A person must be assumed to have capacity unless it is established that they lack capacity.
A person is not to be treated as unable to make a decision unless all practicable steps to help them to do so have been taken without success.
A person is not to be treated as unable to make a decision merely because they make an unwise decision.
An act done or decision made, under this Act for or on behalf of a person who lacks capacity must be done, or made, in their best interests.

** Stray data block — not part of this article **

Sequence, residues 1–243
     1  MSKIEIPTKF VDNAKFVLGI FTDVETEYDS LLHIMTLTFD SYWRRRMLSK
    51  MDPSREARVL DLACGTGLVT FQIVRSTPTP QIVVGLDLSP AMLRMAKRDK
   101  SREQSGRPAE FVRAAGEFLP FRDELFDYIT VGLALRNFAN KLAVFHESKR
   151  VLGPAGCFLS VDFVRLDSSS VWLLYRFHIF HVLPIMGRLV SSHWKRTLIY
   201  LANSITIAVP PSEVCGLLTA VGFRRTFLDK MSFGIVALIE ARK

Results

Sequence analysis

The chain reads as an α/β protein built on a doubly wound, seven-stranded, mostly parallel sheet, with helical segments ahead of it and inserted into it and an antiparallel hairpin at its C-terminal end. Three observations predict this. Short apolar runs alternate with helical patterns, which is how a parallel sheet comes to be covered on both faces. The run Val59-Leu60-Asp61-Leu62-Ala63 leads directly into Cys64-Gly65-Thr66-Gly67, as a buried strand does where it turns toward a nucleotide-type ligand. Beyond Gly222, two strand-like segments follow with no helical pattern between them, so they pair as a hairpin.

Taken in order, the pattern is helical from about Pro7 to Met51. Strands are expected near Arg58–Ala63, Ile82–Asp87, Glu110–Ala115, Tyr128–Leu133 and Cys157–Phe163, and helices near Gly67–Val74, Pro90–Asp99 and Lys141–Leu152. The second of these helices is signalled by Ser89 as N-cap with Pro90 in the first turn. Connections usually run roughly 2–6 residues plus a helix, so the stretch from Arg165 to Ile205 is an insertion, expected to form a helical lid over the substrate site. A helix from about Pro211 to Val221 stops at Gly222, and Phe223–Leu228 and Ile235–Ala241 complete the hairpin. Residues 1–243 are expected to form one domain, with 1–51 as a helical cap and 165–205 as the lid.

Before the act is done, or the decision is made, regard must be had to whether the purpose for which it is needed can be as effectively achieved in a way that is less restrictive of the person’s rights and freedom of action.This is a very rare case. Very few appeals against deprivation of liberty are dismissed and fewer result in compensation. It could be argued in this case that the lady in question should have been placed in a respite bed for a short period with the view to a swift discharge back into the community when preparation for discharge had been made. Summary This case emphasises the importance of adhering to the 5 basic principles of assessment when carrying out a deprivation of liberty assessment, and as such serves as a warning to all care providers. It is essential that care managers undergo the correct training to ensure that they understand the assessment and application process surrounding deprivation of liberty and how to apply this when required to individual Service Users in their homes. If these basic principles had been observed, then the injustice this 91-year-old lady experienced in depriving her of her liberty could have been avoided, and legal action resulting in a fine would not have been the result. Albert Cook Albert Cook BA, MA & Fellow Charted Quality Institute Managing Director Bettal Quality Consultancy
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